While our entire automotive market is shifting towards SUV’s, bakkies, crossovers and other lifestyle-mobiles, companies like Hyundai are still breathing new life into the once-popular hatchback segment. We test-drove their refreshed i20 on a cold and wet Cape Town press launch.
As is customary with Hyundai S.A. presentations, their detailed A.V. assault included a breakdown of recent South(ern) Africa sales. Large sedans and 2-door vehicles like cabrios, coupés or 3-door hatches are still taking damage in a market that increasingly favours practicality and value over style.
With that in mind, there’s still hope for the 5-door hatchback because it not only offers good versatility but also enticing prices for entry-level buyers; or those who can’t quite stretch to a new SUV yet. On top of that, these hatches are starting to straddle the gap to all-wheel drive vehicles by providing the basis for some crossovers… or imitating them.
Think Figo Freestyle, Vivo Maxx, Cross Polo, the short-lived i20 Active or other little critters who were put on stilts and given an extra layer of plastic edging.
This new 2021-model Hyundai i20 isn’t quite that, but we couldn’t help noticing another detailed slide informing everyone of *drumroll please* a slight increase in ride height. And as the caretaker of an ageing sedan whose driver uses it like a farm bakkie, I can’t stress enough that we need extra ground clearance in Nam/ZA!
Right. A slightly more obvious change is the new design of the vehicle. Hyundai has gifted the fresh hatch a slightly angrier facial expression with the sort of tapered aggression (and flared side vents/pods) which are all the rage nowadays. In my humble opinion, the Korean execution looks quite unique.
Move around to the rear end and you’ll find that it’s also more detailed than its predecessor. The rear light clusters feature another en-vogue item, a continuous vertical bar, as well as Peugeot-like swoops on each corner; complete with i20 logos. Just like the Peugeot.
The interior also got a jab in the arm with the biggest highlight being a digital gauge cluster. Although it’s not very customisable, you’ll have to spend multiples of this car’s asking price to get this modern feature. Even then, most manufacturers will either charge you extra for the privilege or bleed your wallet for a bigger, nicer version thereof.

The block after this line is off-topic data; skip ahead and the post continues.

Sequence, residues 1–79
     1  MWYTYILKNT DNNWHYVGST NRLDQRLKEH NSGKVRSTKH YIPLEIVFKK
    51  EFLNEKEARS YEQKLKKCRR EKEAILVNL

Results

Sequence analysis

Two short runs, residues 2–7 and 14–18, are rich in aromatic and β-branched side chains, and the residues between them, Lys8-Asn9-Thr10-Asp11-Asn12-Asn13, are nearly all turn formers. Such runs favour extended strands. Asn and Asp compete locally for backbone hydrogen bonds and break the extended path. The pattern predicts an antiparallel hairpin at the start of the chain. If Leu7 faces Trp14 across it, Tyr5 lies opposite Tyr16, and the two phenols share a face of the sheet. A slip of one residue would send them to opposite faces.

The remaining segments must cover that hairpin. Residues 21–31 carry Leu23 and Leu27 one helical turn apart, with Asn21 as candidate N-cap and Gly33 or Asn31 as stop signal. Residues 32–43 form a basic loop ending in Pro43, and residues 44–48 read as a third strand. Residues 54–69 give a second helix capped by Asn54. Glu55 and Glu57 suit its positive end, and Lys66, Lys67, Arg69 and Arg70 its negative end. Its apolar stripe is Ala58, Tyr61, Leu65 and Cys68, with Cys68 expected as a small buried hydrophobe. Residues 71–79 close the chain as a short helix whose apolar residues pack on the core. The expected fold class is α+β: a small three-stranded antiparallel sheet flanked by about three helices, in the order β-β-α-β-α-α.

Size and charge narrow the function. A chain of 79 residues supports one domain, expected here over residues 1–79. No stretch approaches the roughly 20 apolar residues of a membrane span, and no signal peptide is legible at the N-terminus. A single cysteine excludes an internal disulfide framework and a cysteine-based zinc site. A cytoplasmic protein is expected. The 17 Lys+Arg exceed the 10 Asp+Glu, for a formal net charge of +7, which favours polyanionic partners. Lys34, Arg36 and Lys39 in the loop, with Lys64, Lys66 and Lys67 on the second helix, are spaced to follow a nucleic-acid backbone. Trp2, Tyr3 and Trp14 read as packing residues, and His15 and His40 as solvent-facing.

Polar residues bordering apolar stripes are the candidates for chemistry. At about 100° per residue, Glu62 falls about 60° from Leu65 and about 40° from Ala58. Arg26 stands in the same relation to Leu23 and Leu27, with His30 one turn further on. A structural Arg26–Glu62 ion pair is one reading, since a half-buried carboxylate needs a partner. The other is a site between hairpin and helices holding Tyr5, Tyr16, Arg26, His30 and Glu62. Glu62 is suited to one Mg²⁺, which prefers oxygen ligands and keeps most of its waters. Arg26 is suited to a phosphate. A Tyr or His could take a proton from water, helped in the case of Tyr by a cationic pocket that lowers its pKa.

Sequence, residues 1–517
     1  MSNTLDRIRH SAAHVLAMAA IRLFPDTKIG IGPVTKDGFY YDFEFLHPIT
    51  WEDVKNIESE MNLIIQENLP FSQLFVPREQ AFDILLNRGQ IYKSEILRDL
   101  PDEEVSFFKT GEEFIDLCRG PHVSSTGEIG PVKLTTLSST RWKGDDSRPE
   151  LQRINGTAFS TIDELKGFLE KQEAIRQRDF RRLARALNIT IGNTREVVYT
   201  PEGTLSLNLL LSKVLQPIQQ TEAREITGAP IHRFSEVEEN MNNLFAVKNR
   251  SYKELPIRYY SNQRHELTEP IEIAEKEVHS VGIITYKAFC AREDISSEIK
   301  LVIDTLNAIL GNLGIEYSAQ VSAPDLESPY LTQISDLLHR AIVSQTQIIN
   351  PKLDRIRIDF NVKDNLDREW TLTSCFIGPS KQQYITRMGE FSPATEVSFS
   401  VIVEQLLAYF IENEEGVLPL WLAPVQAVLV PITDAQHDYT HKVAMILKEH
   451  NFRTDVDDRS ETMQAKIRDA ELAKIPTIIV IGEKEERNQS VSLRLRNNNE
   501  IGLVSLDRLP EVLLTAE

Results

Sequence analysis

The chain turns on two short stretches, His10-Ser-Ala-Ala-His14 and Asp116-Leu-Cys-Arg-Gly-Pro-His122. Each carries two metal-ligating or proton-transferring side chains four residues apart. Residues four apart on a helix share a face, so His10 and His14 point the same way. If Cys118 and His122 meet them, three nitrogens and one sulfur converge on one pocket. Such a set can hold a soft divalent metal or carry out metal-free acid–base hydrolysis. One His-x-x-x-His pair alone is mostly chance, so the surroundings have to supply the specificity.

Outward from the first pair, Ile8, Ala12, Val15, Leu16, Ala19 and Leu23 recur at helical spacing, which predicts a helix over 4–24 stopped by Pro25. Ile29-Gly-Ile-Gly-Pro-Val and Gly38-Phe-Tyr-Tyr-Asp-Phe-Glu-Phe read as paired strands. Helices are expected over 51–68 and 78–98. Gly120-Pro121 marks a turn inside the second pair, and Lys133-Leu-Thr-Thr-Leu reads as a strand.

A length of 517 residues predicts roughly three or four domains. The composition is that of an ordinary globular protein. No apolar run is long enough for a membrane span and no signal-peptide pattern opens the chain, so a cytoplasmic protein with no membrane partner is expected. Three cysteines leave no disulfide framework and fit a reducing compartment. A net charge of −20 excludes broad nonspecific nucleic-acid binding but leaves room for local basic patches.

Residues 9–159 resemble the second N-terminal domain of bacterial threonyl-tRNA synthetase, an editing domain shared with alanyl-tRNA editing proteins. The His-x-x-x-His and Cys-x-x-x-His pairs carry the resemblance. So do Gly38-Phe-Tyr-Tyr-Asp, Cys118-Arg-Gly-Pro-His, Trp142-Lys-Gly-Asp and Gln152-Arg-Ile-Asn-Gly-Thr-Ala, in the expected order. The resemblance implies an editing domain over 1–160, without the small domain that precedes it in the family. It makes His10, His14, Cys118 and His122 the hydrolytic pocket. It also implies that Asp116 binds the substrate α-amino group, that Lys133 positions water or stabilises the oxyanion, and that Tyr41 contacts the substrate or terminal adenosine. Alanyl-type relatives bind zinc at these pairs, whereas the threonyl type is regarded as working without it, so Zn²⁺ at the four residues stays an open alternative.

The digital gauge cluster is standard in the new i20. Yes, even the base model.
Typing of which, below you’ll find a short table with drive-train and trim choices; some of which have been carried over from the previous model. The big sales chief Stanley Anderson beamed with pride when he confirmed that the new range’s prices are almost identical to those of their forebears; but with vastly superior spec.
|1.2 Motion MT||1197cc i-4 petrol||5-speed Manual||R275,900|
|1.4 Motion AT||1368cc i-4 petrol||6-speed Automatic||R305,900|
|1.2 Fluid MT*||1197cc i-4 petrol||5-speed Manual||R289,900|
|1.0 TGDi Fluid MT*||998cc i3 turbo-petrol||6-speed Manual||R330,900|
|1.0 TGDi Fluid AT*||998cc i3 turbo-petrol||7-speed DCT||R355,900|
*available with contrasting roof colour for R5,000
Hyundai ZA also admitted that they’re aiming for a chunk of the VW Polo’s pie piece, and they certainly seem to have the right ingredients to do so. The looks, spec and power all make for a tasty recipe although I do have to note that the lower dashboard plastics felt a little low rent; when compared to the Germans.
As for driving the newbie, we did our best to sail through a fierce Cape winter storm and the little hatchback performed admirably. We only had the 1L turbo-petrol three-pot underfoot – in both DCT and manual guise – of which I certainly preferred the latter. The DCT felt lame and confused in anything but “S” mode.
Getting the most from the punchy 90kW motor is best done with the crisp six-shot manual ‘box whose ratios were nicely stacked to either coast at motorway speed or buzz around a wet mountain pass with vigour. Grip levels and ride comfort were both highly commendable while wind and tyre noise were acceptable.
Depending on the chosen model, the new i20 offers sufficient convenience and luxury features for its passengers while slightly larger dimensions (especially width) ensure enough comfort for four to five passengers. Seat material ranges from cloth to artificial leather; with red piping or decals for higher models.
Buyers get the choice of six exterior colours: white, silver, black, metallic grey, dark metallic blue and a maroon-metallic red. An optional black roof (for R,5000 extra) is available for the first or last colour choice on vehicles ordered in “Fluid” trim. Although it may attract extra heat, I found the stark contrast to be a pleasing visual effect.
In closing, it seems that Korea is serious about giving their i20 models a fighting chance as these latest models have gotten many worthwhile upgrades or additions without inflating their prices. As always, the company ships each new unit with their 7-year/200,000km warranty and a 4-year/60,000km service plan.